Right to counsel
While a state may have many statutes, court decisions, or court rules governing appointment of counsel for a particular subject area, a "Key Development" is a statute/decision/rule that prevails over the others (example: a state high court decision finding a categorical right to counsel in guardianships cases takes precedence over a statute saying appointment in guardianship cases is discretionary).
Legislation, Truancy - Petition Against Child
In Ohio, truancy is treated either as an "unruly child" matter (pursuant to Ohio Rev. Code § 3321.38) or delinquency (pursuant to Ohio Rev. Code § 2152.02(E)(2), which refers to a child who disobeys a valid court order related to a prior adjudication as an unruly child for being truant). And Ohio Rev. Code § 2151.352 grants an indigent child a right to counsel in all juvenile court matters (with only exceptions that do not pertain to truancy).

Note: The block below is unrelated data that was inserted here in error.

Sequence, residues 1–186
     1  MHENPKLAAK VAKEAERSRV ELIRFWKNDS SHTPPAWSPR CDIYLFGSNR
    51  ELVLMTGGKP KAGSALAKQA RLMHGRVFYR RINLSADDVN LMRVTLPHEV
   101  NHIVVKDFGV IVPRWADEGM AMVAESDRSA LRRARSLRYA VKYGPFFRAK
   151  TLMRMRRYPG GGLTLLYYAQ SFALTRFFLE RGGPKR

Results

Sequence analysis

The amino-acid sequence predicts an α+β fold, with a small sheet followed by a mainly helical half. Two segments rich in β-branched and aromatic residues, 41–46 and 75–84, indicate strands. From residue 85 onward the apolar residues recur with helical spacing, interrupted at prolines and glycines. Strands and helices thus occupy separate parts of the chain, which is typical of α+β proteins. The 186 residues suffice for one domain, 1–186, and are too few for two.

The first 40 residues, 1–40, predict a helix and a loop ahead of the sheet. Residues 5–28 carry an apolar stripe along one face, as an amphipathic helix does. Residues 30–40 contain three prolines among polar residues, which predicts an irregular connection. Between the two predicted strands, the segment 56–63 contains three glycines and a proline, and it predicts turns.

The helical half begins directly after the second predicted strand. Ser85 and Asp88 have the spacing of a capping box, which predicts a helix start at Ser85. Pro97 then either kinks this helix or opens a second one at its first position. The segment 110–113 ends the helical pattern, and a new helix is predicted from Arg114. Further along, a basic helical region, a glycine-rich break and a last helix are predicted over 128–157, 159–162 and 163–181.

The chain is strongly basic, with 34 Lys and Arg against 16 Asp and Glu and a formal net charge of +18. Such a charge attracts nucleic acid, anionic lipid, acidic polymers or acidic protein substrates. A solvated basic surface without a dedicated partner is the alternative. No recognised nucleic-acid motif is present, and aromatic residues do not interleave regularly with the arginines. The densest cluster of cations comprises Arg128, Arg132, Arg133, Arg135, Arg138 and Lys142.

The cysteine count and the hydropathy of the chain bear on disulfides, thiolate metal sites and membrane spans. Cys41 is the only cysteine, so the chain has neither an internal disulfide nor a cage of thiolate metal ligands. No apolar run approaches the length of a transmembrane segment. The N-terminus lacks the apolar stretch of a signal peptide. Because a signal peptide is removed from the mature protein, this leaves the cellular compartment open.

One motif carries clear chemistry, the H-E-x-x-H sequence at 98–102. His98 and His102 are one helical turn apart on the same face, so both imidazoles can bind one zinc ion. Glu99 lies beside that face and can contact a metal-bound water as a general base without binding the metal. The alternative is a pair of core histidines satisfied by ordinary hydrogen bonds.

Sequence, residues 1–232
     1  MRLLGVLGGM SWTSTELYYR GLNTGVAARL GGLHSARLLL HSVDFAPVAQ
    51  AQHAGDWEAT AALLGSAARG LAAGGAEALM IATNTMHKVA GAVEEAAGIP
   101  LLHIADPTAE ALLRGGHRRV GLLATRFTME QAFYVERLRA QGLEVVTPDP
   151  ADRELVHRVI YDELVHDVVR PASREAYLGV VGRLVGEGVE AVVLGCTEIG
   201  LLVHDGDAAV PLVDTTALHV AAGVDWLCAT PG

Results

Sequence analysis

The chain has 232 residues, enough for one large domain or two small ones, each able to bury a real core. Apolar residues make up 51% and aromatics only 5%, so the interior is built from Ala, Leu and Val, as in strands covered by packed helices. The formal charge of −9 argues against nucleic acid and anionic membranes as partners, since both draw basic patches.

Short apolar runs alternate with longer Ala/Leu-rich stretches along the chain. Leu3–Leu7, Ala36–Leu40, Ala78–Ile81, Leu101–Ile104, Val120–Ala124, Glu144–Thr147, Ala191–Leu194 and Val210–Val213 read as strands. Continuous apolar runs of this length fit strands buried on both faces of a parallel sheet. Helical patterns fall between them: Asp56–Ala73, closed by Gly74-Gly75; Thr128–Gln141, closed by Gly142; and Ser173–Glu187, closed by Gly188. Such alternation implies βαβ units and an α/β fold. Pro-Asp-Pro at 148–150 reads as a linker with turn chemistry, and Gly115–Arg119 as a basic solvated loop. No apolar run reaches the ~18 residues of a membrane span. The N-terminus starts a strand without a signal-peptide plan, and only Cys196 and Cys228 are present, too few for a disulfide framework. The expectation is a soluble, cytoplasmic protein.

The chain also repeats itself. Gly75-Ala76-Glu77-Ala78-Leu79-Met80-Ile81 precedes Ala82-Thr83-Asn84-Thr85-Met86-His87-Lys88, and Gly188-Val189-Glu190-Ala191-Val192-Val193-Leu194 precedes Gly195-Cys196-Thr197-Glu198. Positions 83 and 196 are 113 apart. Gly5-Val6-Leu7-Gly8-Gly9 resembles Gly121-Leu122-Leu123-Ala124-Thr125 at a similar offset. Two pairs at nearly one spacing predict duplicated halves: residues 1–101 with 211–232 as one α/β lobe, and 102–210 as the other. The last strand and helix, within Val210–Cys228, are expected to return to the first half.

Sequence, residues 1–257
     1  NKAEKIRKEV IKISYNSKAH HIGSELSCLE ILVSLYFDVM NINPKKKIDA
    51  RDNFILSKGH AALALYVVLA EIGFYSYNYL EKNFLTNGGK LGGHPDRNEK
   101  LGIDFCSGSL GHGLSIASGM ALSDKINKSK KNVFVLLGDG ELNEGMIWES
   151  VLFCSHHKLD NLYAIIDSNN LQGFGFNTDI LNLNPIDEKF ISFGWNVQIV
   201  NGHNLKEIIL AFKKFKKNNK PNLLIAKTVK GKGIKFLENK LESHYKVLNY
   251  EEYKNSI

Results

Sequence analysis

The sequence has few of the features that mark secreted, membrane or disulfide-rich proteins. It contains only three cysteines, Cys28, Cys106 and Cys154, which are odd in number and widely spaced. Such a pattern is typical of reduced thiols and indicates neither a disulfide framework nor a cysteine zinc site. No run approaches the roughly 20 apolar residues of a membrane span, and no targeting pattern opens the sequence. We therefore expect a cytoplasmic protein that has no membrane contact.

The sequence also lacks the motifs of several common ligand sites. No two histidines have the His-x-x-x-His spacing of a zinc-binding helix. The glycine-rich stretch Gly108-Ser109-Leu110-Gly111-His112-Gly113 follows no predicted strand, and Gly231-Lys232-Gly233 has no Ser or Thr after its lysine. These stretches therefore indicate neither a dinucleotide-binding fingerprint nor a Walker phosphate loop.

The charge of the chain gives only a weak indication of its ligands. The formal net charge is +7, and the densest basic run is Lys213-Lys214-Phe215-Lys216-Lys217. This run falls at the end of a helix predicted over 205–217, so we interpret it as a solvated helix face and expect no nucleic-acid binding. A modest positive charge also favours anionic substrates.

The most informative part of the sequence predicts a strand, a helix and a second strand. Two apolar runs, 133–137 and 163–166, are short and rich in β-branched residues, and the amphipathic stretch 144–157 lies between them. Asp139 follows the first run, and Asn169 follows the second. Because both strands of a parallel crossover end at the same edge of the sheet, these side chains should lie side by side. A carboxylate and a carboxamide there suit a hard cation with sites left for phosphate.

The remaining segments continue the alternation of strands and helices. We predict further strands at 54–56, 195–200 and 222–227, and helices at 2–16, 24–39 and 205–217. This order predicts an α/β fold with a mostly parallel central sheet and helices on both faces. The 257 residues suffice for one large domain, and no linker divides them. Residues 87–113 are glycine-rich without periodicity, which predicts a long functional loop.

If "yes", the established right to counsel or discretionary appointment of counsel is limited in some way, including any of: the only authority is a lower/intermediate court decision or a city council, not a high court or state legislature; there has been a subsequent case that has cast doubt; a statute is ambiguous; or the right or discretionary appointment is not for all types of individuals or proceedings within that category.
Appointment of Counsel: categorical Qualified: no